AS A kid in Queensland, Sam Johnson knew little or nothing about the Calcutta Cup and the fierce rivalry between the two teams who compete for it. Yet, while he may not have been able to quote chapter and verse about the history of the fixture, he had an intuitive understanding of the emotions involved that would come in very useful when he first moved to Glasgow and then became eligible to play for Scotland on residency.
Because, while we think of our sporting rivalry with our nearest neighbours as one which rouses the passions like no other, we are far from alone in that regard. The Australians, among many other countries, are just as eager to get the better of England in any sport, so Johnson did not need to have the importance of the fixture spelled out to him when he was selected for last year’s match at Twickenham.
“I had no idea of what it was when I was growing up, to be honest,” the Glasgow Warriors centre said yesterday (Tuesday). “But what I will say is that no one likes England. I mean it’s the same sort of thing as Australians – whether it’s cricket, rugby union, any sport. You fully respect England because of how good they are, but I don’t think anyone likes them when you’re growing up. We have the greatest respect for England because they are so good. You almost hate them for it.”
That 2019 game was Johnson’s fourth cap for his adoptive country, and, as it turned out, one of the greatest ever editions of international rugby’s oldest match. Scotland fought back from 31-0 to lead 38-31 with minutes to play, Johnson’s try being the one to put them ahead, only to be pegged back for the game to end 38-38. That meant the visitors held on to the trophy they had won by beating England at Murrayfield in 2018, but there was still a profound sense of disappointment for a team who had come so close to pulling off a first win at Twickenham since 1983.
“Last year was pretty unique,” Johnson continued. “To play a game like that again would be highly unlikely. There were some tough memories followed by some of the memories I will remember for the rest of my life.
“It was a great occasion. I remember after the game being totally gutted because it’s a game we should have won. You wouldn’t have thought that half an hour into it. From our point of view as Scotland players, we were disappointed because the opposition were celebrating the draw.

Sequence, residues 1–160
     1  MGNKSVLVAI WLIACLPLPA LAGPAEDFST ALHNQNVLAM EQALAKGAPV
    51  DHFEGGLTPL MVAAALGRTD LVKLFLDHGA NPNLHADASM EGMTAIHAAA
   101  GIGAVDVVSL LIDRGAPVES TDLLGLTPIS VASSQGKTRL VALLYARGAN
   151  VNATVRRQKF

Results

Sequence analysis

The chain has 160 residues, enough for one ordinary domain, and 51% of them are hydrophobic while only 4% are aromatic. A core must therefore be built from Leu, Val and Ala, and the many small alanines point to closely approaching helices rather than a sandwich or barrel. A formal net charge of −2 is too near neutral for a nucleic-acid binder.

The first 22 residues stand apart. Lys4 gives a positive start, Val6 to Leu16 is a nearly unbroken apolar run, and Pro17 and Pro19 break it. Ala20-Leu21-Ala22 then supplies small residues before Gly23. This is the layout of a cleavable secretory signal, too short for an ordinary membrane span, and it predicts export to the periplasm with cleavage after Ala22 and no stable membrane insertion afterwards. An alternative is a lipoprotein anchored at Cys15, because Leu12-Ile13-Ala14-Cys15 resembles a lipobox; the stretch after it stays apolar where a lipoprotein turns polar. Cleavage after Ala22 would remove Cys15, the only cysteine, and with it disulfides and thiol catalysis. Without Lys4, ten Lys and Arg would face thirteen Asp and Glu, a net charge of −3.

“I probably didn’t realise the magnitude of things at the time. I remember sitting on the bench at the end with my head in my hands. We were disappointed we had drawn. I was in shock at what I had achieved, but I didn’t think I’d won the game at that point because Test match rugby is a different animal altogether, and they came back and they got the draw.”
England managed a comeback of sorts against France on Sunday, but left themselves with too much to do and went down to a 24-17 defeat. Scotland also lost, of course, and by the same margin, being beaten 19-12 by Ireland – although in respects other than the scoreline they arguably came closer to pulling off an away win than England did.
Johnson believes France’s new defence coach Shaun Edwards deserves a lot of the credit for the home team’s performance in Paris, and draws hope from the fact that Scotland’s system under Edwards’ counterpart Steve Tandy, also a newcomer, is similar to the French one. “France probably shocked them a little bit with the way they played,” the 26-year-old added. England had a plan to start quickly and get points on the board, but France stuck it to them.
“Credit to Shaun Edwards for creating that new defensive system. I think ours is quite similar now with Steve Tandy.
“It’s just about matching them at the start of the game and putting them under pressure at the start of the game. Because, as Eddie [Jones] says, they rely on their brutality at the start of the game – brutality in general. We need to match that.
“They’ll be disappointed [by losing to France], but we lost as well. So it’s going to be two teams who are desperate and who are going to be as physical as possible – and see who comes out on top.
“I think we need to repeat [the Dublin] performance. We started really well, although we had a bit of a different plan going into it. They showed us different pictures and we exploited the gaps really well. It’s just disappointing that some of our finishing wasn’t quite there yet.
“I was happy with my performance. I wouldn’t say that I’m an intercept person who runs 80 metres – that’s not my sort of game. But the close-quarters stuff, whether it’s footwork at the line or getting on the front foot, things people don’t really see, that’s what I do. Hopefully it continues this week.”
England’s confirmation yesterday that Manu Tuilagi will miss Saturday’s match because of a groin strain brought out mixed emotions in Johnson. “I’m gutted for Manu. You want to be playing against the best people and he’s one of the best centres in the world. But I definitely was quite happy when I saw he was ruled out for this weekend – it saves a few bruises. Last year I was sore for a week.”